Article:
In the same manner Organized Chaos and LTZ beat both of their opponents in a two game streak pitting Just Paintball and Paintball Mart against each other for the finals third and fourth place finishes.
Finals wrapped up in the afternoon on Sunday after a double win for Infamous secured them first place over XSV's single win for second. Dynasty won two games off of the bat against Avalanche for a third place win, 'Lanche taking fourth. Division I showed TX Storm facing off twice for a double win over Colorado Shooters for first place. Farside and Nemesis played three games for a double win to Farside for third. Fury continued their lead with two wins in the finals against Mox Nix for first and second place. Third and fourth were held by STP Severe over Shooters & Looters Div 2 with two wins and no losses for STP. Division III crowned Organized Chaos after a solid two game win over LTZ. Paintball Mart and Just Paintball butted heads three times trading games until Paintball Mart won their last match giving them third place.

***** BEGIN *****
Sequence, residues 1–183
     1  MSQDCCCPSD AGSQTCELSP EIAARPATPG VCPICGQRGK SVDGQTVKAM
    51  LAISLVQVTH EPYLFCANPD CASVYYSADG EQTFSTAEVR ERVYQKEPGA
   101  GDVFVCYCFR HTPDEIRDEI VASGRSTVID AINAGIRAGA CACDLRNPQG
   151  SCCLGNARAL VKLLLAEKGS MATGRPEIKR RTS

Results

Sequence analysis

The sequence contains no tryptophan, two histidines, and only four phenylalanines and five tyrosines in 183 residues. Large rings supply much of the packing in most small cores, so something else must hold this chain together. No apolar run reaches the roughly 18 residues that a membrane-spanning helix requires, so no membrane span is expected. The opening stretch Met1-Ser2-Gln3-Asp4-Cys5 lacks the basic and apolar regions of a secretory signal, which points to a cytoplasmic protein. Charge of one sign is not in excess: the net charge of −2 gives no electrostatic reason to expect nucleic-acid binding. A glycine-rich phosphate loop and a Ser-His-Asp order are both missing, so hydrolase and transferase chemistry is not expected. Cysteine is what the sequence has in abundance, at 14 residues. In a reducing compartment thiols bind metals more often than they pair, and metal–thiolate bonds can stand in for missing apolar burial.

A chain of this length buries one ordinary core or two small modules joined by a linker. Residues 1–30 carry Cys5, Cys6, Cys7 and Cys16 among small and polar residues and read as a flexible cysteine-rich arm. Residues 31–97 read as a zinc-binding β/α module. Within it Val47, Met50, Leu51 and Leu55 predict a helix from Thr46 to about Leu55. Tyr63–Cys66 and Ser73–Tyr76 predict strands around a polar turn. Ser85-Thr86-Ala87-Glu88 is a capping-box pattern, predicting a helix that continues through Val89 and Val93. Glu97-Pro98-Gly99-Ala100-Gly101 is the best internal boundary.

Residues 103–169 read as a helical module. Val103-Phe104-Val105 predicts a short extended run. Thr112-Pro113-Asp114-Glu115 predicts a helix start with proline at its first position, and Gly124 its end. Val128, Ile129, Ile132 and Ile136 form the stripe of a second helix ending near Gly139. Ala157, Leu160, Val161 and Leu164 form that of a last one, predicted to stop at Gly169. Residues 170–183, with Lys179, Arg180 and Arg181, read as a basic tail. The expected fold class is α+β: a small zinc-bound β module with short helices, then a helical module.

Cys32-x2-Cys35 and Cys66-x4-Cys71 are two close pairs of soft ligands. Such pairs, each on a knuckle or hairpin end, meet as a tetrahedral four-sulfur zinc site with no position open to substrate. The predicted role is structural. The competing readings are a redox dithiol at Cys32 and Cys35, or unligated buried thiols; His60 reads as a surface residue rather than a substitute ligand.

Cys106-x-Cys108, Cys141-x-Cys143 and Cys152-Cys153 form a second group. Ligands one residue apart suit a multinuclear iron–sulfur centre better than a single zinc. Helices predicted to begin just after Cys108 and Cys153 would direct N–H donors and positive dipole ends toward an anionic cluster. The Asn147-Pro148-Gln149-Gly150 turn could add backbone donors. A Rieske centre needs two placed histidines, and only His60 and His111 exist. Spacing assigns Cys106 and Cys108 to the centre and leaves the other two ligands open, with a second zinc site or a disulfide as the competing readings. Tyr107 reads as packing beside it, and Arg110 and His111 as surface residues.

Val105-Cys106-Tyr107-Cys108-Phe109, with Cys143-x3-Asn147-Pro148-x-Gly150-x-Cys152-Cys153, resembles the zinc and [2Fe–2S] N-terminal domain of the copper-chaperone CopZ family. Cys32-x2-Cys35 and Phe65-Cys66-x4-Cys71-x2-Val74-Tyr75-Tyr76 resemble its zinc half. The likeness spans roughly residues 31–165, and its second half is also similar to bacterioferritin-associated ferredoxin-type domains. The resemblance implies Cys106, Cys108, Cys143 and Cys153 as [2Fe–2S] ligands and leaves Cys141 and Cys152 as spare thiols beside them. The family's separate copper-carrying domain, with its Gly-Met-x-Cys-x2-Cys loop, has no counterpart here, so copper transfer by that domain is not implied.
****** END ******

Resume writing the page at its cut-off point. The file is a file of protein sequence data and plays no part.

While the cross-over teams were coming in to play from the NXL, none of them made it to the final four. Denver broke in a new venue for the league and a new playing surface. It also saw continued gun testing with the league's trigger bot, the most progressive program any league has undertaken to date to weed out equipment cheats. Testing led to the disqualification of two teams, and continued to set the pace rule enforcement.
From the mountains, the NPPL now heads west, to return to the location used as the second event of 2003, the training fields of Sam Boyd stadium in Las Vegas, Nevada.